Was Columbus a hero or a villain?
We all know that Columbus' legacy is a controversial one. Many history books have painted him as an intrepid explorer and overlooked the facts that would paint him in a negative light. Some Columbus scholars have admitted that he encited a devastating genocide, but dedicated no more than a sentence to that fact (see, for example, Samuel Eliot Morison).
So which is it--was Columbus a hero or a villain? And how do we decide? One thing that would be important to determine is what Columbus himself thought he was doing. Perhaps he was trying to do good. Perhaps he did not mean to exploit and kill all those natives...maybe it was his lower officers that took things into their own hands and got out of control.
Fortunately, we have Columbus' log, as well as the log of several of his viceroys, and so we can find some answers to this question. This, for example, is what Columbus wrote about his first encounter with the natives:
They ... brought us parrots and balls of cotton and spears and many other things, which they exchanged for the glass beads and hawks' bells. They willingly traded everything they owned... . They were well-built, with good bodies and handsome features.... They do not bear arms, and do not know them, for I showed them a sword, they took it by the edge and cut themselves out of ignorance. They have no iron. Their spears are made of cane... . They would make fine servants.... With fifty men we could subjugate them all and make them do whatever we want.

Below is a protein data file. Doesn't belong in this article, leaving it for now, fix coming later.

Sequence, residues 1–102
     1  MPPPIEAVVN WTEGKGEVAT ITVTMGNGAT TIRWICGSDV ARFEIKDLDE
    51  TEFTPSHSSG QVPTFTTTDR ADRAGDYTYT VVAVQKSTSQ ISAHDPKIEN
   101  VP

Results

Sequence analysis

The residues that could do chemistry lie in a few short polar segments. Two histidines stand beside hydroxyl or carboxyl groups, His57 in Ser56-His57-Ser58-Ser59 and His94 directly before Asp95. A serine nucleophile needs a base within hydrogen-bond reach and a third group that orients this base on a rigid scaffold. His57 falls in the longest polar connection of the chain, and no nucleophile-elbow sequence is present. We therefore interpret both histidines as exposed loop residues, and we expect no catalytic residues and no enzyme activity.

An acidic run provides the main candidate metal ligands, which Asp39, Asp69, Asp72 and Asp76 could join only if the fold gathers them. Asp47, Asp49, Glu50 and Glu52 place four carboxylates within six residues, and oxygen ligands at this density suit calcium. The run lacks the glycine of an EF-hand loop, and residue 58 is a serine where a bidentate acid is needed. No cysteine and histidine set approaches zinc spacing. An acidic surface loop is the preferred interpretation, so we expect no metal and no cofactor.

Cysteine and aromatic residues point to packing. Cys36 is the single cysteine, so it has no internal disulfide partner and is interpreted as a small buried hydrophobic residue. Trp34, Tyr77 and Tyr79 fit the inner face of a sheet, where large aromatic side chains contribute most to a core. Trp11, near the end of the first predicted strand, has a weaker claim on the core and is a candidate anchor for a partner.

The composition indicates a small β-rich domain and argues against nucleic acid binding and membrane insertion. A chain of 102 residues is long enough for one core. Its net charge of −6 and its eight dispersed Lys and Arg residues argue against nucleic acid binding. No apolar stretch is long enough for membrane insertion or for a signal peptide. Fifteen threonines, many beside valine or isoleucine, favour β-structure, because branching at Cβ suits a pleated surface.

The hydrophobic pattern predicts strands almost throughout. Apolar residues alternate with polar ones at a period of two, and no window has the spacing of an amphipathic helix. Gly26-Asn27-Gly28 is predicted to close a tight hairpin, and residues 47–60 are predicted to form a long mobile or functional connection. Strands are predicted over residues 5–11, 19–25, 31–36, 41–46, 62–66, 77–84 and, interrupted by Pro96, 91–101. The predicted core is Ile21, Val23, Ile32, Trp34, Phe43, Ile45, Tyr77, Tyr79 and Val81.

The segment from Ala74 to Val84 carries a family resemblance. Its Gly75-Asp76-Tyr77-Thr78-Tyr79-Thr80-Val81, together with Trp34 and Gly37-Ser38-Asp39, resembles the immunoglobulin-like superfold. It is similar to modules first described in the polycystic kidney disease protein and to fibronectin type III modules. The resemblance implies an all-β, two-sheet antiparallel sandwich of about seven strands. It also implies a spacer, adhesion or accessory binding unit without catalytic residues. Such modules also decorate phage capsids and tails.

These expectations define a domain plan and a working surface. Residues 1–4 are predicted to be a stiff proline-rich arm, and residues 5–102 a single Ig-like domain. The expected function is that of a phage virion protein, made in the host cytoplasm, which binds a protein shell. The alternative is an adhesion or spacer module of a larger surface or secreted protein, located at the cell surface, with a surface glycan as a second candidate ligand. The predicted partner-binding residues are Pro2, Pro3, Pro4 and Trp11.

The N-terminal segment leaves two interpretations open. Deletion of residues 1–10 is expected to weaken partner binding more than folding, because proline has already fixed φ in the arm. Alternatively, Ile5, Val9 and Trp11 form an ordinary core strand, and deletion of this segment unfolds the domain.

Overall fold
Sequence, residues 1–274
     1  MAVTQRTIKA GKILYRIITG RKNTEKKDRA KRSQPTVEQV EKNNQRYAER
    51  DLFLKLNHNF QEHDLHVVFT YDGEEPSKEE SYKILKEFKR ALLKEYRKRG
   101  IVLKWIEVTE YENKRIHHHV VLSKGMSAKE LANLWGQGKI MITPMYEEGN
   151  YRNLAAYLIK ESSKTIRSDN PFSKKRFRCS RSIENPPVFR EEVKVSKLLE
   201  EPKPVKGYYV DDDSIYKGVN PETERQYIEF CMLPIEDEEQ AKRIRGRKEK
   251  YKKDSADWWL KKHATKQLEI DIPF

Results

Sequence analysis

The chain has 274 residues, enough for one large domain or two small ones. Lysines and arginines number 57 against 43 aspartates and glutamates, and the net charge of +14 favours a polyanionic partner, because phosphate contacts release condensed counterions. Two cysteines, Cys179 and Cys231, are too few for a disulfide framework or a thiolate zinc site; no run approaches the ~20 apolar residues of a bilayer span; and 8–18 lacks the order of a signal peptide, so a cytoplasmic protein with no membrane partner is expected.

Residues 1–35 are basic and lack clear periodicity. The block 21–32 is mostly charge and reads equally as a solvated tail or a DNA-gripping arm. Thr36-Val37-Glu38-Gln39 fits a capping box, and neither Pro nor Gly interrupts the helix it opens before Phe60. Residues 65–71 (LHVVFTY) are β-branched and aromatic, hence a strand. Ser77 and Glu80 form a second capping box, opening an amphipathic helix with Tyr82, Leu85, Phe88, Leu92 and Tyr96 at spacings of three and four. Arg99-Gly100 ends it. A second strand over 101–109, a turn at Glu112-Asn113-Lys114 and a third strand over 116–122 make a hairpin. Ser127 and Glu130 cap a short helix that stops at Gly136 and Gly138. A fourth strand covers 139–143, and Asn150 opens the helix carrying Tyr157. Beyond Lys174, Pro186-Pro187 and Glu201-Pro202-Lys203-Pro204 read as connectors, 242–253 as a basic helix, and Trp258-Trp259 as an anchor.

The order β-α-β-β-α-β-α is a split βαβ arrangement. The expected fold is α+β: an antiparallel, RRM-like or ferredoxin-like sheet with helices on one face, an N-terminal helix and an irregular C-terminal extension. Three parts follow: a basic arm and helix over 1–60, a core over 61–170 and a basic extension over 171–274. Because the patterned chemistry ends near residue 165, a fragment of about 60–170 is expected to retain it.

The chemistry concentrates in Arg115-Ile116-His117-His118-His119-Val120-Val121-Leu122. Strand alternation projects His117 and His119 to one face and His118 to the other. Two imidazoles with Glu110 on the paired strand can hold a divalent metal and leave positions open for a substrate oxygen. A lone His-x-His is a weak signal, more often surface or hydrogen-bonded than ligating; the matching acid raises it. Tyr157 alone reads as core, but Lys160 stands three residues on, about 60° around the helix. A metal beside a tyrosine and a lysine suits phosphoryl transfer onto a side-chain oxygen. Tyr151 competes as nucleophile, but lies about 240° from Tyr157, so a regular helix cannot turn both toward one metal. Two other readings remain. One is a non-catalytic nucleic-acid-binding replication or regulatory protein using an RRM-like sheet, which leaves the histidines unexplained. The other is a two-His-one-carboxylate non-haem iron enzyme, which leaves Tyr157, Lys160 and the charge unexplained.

Well, he pretty much just comes out and says that he is intentionally subjugating them and making them do whatever they wanted. And, also according to Columbus' own words, they wanted them for two things: gold and slavery. So he took many as slaves and set everyone else to the grueling work of looking for gold where there wasn't any to write home about. The working conditions for finding the gold were miserable, and the penalty for not meeting one's gold quota was chopping off the hands and bleeding them to death.
The situation was written about extensively by one of Columbus' appointed governors, Bartolome de las Casas, a young priest who initially took part in the conquest and held slaves and such, but became disgusted by the cruelty of the Spaniards. Here he describes the working conditions for the Arawaks faced under Columbus' rule:
Thus husbands and wives were together only once every eight or ten months and when they met they were so exhausted and depressed on both sides ... they ceased to procreate. As for the newly born, they died early because their mothers, overworked and famished, had no milk to nurse them, and for this reason, while I was in Cuba, 7000 children died in three months. Some mothers even drowned their babies from sheer desperation.... in this way, husbands died in the mines, wives died at work, and children died from lack of milk . .. and in a short time this land which was so great, so powerful and fertile ... was depopulated. ... My eyes have seen these acts so foreign to human nature, and now I tremble as I write. ...